How To Identify Sovereign Tribal Nations For Consultation In Your Project Area

What Do I Need to Know?

Section 106 regulations require federal agencies to consider the effects of their proposed activities on cultural resources. If your project will be federally funded or licensed, then your project may require consultation with American Indian Tribes. Identifying sovereign tribal nations who may have an interest in resources located within your project area is a critical part of the process that is explored further below. While there is a government-to-government level consultation, project proponents often become part of the outreach and conversations.

There’s a List

The United States government maintains a list of federally recognized Tribes. Currently, there are 574 American Indian and Alaska Native Tribes that have a government-to-government relationship with the U.S. Section 106 regulations require federally recognized Tribes to be considered for consultation. One of the most helpful guides is the Tribal Directory Assessment Tool (TDAT) – an online database published by the U.S. Department of Housing and Urban Development that contains information about federally-recognized Indian Tribes and their geographic areas of current and ancestral interest. TDAT links Tribes’ areas of interest down to the county level. Users can query the database by street address, county, state, and Tribe. This can be a great tool to start the process, though additional follow up with the Tribes listed and other involved state or federal agencies is recommended to ensure accuracy.

What does sovereignty mean?

American Indian Tribes possess sovereignty, a nationhood status in which inherent powers of self-government are retained. Many Tribes have treaties with the U.S. that provide access to, and protection of places or resources of importance to them. Through these treaties, Indian Tribes often ceded large portions of their homelands to the government. In return, the U.S. promised to protect the rights of Indian Tribes as self-governing nations within their reserved lands (reservations) and their ability to exercise certain retained rights (i.e., hunting, fishing, and gathering) to resources located outside of those reserved lands.

What is the difference between ancestral land and reservation land?

An important distinction is the difference between ancestral land and reservation land. Indian reservations are held in trust by the federal government and reserved for use by Tribes and Native people. There are approximately 326 Indian land areas in the United States managed as federal Indian reservations. This amounts to less than 3% of the total land area in the U.S. that is established for reservations.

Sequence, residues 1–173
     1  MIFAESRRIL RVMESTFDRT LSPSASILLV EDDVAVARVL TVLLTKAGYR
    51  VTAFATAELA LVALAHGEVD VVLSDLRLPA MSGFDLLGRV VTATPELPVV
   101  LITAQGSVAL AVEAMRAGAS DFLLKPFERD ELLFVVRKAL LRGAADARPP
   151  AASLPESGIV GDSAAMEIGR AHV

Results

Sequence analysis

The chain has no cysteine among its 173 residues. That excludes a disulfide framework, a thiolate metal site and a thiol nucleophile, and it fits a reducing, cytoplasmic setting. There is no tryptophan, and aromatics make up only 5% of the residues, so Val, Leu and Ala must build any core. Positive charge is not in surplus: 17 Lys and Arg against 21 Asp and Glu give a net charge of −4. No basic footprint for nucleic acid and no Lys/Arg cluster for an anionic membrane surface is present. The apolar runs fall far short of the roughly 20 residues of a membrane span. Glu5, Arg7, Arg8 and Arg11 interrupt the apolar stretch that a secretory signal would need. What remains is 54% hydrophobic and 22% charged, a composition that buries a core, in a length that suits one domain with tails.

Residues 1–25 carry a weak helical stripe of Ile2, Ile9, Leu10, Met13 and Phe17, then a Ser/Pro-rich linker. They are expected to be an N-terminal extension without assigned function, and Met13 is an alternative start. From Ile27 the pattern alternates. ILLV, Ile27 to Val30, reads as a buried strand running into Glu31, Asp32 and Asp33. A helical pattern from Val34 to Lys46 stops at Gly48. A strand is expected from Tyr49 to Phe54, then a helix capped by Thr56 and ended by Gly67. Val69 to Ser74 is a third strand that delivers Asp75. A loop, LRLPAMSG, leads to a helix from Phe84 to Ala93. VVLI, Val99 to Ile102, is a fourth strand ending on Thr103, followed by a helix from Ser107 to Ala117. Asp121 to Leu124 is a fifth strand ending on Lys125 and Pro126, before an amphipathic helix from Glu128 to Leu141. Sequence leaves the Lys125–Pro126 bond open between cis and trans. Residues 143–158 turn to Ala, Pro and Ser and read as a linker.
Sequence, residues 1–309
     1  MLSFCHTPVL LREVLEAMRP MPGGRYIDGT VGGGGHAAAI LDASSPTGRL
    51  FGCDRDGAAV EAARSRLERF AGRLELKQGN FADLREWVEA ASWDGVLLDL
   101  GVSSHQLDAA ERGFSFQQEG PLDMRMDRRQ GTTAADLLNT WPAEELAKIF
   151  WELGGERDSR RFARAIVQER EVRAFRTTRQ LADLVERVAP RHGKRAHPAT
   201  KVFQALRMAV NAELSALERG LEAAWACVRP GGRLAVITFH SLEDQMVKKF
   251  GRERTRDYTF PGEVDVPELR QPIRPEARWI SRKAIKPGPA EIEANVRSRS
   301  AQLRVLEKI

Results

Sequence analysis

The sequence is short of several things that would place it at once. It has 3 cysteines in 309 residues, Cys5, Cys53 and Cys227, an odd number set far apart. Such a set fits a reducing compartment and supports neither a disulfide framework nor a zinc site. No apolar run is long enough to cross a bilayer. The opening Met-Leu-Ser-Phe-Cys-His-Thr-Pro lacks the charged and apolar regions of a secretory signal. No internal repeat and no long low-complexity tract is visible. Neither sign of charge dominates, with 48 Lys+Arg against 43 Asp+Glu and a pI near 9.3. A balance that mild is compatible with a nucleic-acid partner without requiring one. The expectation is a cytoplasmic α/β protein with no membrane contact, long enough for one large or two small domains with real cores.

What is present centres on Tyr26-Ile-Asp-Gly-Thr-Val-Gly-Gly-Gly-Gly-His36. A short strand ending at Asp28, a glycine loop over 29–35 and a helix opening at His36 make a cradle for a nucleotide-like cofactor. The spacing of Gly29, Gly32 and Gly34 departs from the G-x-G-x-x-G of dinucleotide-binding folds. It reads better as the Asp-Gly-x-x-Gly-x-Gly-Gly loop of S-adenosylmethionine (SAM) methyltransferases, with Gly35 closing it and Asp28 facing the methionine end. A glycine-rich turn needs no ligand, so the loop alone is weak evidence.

Understanding the history of forced removal, displacement, and the ongoing struggle for resources is critical to consultation with American Indian Tribes today.

Through the consultation process, the views of Tribes are listened to, discussed, and considered. The process includes identifying resources, assessing effects, and avoiding, resolving, and or mitigating adverse effects. Types of resources of concern to many Tribes include cultural, archaeological, historic, socio-economic, biological, ecological, and water resources. Where feasible, the goal of consultation is to seek agreement. Although the process is required, no outcomes are guaranteed.


How do I proceed?

Over time, Tribes have become more involved in cultural resource regulations and process. Like all governments, many Tribes have limited staff. Early engagement and frequent follow up through a variety of communication methods are important to confirm a Tribe’s interest. Consultation is not a check-box exercise. Identifying potential challenges early in project planning may allow for a review process that can accommodate tribal needs and foster collaboration.

Best practices

Here are a few things that may or may not apply:

  • Make use of online tools to identify Indian Tribes that may have an interest in the project location and activities
  • Begin engagement early, follow up often, and stay in touch
  • Reach out through different means; some Tribal staff may be better suited to emails, others may prefer phone calls or letters
  • Be flexible with meeting times, schedules, and locations
  • Learn which treaties are in effect in your project area
  • Learn what you can about the histories, issues of particular concern, and governmental structures of the tribes you’re talking with

If you have additional questions or would like to learn more about related regulatory processes, please get in touch.

Anne Ketz

Anne has worked with a broad range of stakeholders, including Native Americans, community planners & leaders, and thought leaders to ensure respect for each community’s heritage within the planning process.

Adam Kaeding

Adam’s experience in archaeology spans North America, Central America, and Asia. Adam has worked closely with Tribal Historic Preservation Officers, monitors, elders, and community members; and led public outreach and education efforts among rural Maya descendant communities as well as in elementary, middle, and high school classrooms.